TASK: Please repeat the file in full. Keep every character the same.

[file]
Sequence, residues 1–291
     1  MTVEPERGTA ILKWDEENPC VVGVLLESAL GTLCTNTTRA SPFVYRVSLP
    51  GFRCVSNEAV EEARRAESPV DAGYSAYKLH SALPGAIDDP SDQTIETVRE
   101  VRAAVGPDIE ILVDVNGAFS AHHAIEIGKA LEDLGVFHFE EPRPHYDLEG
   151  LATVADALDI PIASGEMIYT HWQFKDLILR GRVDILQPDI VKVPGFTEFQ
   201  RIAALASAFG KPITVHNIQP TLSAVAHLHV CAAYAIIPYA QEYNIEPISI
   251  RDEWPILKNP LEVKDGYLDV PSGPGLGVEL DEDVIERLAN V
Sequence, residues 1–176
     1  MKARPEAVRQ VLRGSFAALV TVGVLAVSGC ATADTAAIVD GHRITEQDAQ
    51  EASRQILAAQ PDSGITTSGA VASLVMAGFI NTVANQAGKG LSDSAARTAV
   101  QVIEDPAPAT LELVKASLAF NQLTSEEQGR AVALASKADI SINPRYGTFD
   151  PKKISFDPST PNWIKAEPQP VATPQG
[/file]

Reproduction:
Sequence, residues 1–291
     1  MTVEPERGTA ILKWDEENPC VVGVLLESAL GTLCTNTTRA SPFVYRVSLP
    51  GFRCVSNEAV EEARRAESPV DAGYSAYKLH SALPGAIDDP SDQTIETVRE
   101  VRAAVGPDIE ILVDVNGAFS AHHAIEIGKA LEDLGVFHFE EPRPHYDLEG
   151  LATVADALDI PIASGEMIYT HWQFKDLILR GRVDILQPDI VKVPGFTEFQ
   201  RIAALASAFG KPITVHNIQP TLSAVAHLHV CAAYAIIPYA QEYNIEPISI
   251  RDEWPILKNP LEVKDGYLDV PSGPGLGVEL DEDVIERLAN V
Sequence, residues 1–176
     1  MKARPEAVRQ VLRGSFAALV TVGVLAVSGC ATADTAAIVD GHRITEQDAQ
    51  EASRQILAAQ PDSGITTSGA VASLVMAGFI NTVANQAGKG LSDSAARTAV
   101  QVIEDPAPAT LELVKASLAF NQLTSEEQGR AVALASKADI SINPRYGTFD
   151  PKKISFDPST PNWIKAEPQP VATPQG